After a three-year study by Valley Metro Rail, a proposal went before the Tempe City Council in November, which council members approved. Plans call for federal grants to pay about three-quarters of the project’s cost, with the remainder covered by money from Proposition 400, a half-cent transportation sales tax first approved by Maricopa County voters in 1985.  Ellis says the city will pay the estimated $3.1 million annual cost of operations, nearly $1 million of which would be paid for by fares.

Other sources of revenue to be explored include selling advertising space on streetcars and other public transit vehicles, increasing parking meter fees and stepping up parking enforcement.

Tempe has applied for the federal construction money, and will not build the line without it, Ellis says. The line is part of

57 miles of high-capacity transit corridors identified by the Maricopa Association of Governments, according to Tempe’s city website.

Despite the reduced disruption of business, Tempe will be creating a public-private partnership with local credit unions to provide short-term loans to help businesses get through the construction period, Miller says.

Shannon Randle has managed Churchill’s Fine Cigars at 640 S. Mill Ave. for 1 ½ years after working at some of the local chain’s other locations. He says while he is glad the modern streetcar line will be less complicated than the light rail to build, he still expects some loss of business during its construction.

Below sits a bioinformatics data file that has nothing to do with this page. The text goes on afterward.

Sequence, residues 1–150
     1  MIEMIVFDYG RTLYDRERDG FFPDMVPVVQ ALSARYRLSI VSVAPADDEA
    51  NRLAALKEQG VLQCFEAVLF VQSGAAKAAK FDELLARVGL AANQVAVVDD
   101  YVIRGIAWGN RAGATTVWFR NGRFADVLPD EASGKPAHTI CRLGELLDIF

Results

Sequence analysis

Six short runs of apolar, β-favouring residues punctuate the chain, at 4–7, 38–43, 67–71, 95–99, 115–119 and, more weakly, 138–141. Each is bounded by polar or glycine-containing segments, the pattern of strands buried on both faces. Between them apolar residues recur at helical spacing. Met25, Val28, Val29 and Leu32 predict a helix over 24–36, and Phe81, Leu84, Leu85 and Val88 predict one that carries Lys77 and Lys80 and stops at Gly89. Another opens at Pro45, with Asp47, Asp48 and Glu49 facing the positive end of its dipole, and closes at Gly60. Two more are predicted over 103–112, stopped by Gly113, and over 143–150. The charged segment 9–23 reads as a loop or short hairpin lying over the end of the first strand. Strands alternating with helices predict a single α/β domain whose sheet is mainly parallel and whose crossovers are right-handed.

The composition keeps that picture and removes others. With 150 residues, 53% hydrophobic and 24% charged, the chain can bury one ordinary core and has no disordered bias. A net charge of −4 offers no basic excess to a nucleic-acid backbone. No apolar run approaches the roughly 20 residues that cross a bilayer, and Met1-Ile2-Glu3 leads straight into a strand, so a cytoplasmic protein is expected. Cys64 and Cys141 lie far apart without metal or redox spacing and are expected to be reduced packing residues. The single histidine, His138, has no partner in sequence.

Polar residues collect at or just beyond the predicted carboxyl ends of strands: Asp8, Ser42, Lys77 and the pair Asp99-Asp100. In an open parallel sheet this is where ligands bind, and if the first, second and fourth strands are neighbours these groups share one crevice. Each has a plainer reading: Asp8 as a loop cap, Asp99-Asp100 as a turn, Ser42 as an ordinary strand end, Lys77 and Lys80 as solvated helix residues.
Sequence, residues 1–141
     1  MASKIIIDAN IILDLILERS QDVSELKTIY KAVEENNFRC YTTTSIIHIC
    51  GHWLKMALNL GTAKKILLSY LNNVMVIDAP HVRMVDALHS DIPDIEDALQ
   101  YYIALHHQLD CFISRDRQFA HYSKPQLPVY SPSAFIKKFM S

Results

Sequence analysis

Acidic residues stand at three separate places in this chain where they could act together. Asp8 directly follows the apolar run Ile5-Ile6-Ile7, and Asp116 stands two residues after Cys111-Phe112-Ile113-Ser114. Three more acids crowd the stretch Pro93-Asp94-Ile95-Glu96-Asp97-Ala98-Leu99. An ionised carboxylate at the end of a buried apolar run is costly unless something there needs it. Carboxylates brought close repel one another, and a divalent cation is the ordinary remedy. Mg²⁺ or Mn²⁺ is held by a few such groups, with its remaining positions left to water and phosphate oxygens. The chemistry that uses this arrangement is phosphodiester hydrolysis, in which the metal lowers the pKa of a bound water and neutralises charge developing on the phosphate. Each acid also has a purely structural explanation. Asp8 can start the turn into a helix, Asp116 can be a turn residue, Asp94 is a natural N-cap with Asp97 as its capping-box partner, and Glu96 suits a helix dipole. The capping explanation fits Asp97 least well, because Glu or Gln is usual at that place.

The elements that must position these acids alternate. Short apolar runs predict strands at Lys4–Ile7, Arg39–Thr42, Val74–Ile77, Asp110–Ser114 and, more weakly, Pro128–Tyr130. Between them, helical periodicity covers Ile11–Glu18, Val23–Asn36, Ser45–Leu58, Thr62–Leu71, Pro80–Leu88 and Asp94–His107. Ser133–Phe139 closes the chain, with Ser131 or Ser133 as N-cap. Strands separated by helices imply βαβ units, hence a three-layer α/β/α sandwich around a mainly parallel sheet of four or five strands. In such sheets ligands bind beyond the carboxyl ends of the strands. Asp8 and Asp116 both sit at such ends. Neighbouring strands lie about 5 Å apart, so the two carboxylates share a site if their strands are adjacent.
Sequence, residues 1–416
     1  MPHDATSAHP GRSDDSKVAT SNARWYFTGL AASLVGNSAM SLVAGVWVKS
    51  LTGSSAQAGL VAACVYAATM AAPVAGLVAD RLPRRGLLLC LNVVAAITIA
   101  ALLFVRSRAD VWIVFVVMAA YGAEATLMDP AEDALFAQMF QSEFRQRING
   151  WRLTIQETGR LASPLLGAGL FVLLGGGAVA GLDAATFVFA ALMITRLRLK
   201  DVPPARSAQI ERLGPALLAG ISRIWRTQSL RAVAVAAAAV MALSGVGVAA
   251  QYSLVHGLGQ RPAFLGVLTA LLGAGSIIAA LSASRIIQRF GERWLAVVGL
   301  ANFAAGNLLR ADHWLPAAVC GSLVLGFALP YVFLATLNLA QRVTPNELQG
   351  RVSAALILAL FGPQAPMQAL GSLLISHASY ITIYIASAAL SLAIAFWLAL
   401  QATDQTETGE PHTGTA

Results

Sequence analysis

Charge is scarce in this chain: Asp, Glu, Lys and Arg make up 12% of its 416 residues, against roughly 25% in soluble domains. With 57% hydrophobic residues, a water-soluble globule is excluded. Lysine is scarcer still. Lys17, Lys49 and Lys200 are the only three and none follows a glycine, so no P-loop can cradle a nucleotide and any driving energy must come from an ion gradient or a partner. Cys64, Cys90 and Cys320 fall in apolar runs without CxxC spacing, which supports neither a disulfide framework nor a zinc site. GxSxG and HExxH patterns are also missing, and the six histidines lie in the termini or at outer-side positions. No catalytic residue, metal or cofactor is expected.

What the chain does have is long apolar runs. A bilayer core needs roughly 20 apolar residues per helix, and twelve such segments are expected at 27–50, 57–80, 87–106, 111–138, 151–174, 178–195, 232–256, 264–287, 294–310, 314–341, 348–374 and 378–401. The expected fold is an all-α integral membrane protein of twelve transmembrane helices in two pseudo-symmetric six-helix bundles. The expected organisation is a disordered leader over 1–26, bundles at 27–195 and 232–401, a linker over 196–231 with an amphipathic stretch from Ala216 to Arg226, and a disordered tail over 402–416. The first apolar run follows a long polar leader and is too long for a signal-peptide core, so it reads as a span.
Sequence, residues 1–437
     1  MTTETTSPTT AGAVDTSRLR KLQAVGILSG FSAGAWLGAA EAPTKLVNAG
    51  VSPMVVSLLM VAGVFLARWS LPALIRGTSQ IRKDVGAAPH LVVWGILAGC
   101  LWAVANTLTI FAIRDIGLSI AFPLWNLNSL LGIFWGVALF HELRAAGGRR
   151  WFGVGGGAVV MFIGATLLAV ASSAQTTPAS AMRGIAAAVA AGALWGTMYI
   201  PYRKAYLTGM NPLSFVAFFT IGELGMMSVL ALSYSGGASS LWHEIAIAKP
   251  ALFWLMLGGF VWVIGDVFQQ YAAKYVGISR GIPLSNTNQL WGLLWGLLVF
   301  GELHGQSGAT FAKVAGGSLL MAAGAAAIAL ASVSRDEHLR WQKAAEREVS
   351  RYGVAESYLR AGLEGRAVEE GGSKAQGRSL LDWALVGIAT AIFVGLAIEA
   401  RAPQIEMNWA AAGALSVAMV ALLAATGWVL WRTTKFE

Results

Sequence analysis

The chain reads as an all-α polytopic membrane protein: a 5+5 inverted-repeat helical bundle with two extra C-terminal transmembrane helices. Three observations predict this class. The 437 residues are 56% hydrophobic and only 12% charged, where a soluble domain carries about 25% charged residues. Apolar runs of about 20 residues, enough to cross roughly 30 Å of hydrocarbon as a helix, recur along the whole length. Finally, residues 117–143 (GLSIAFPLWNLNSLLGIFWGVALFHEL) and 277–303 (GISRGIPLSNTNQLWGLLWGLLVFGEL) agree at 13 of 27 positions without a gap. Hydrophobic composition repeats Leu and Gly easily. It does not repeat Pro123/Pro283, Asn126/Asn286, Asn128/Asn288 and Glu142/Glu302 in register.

“If you’re putting in rail, no matter how light the effort is, whatever construction you do it affects about 10 to 20 percent of your business,” Randle says. “There’s just too much competition with Scottsdale and Tempe Marketplace.”

He says the modern streetcar system could be beneficial to Churchill’s, depending on where the stops are. Too far north or south of his location won’t help, he says.

Angel Lopez, kitchen manager at Restaurant Mexico, 423 S. Mill Ave.,  has been an employee at the restaurant for 23 years, long enough to have worked at the restaurant’s four different locations in the neighborhood since the mid-1980s. The moves were prompted by redevelopment, but the popular restaurant has survived all of them.

Lopez isn’t too worried if a streetcar line is built a few feet outside his eatery’s front door. “Just finish it fast,” he says.

Jyme Sue McLaren of the Tempe city Transportation Department says in addition to helping those visiting the Mill Avenue district as consumers, the streetcar line should be an aid to redevelopment of residential property nearby, including single-family homes.

Hormann, of Downtown Tempe Community, who is also a member of the Community Working Group Ellis chairs, says in 2011 its members will be working on setting the precise route and where the stops — which she likened to “overgrown bus stops” — and curb cuts will go.

“We’re in planning for next three years, figuring out construction mitigation, which is what we’re doing to impact our businesses the least possible,” Hormann said.

The Tempe Chamber of Commerce has advocated addressing the city’s public transportation challenges through several avenues “for a couple of decades,” says Mary Ann Miller, chamber president and CEO. She says Tempe needs to be served by a combination of bus routes, light rail lines and modern streetcars.

“Tempe is surrounded by freeways,” Miller says. “And short of paving everything between Loop 202 and U.S. 60, there’s no way to really increase the transportation capabilities for Tempe residents for those going through the city.”

Public input

Meetings of the Community Working Group on the Tempe Modern Streetcar Line are held at 5 p.m. on the fourth Monday of each month in the Don Cassano Community Room, 200 E. Fifth St., Tempe.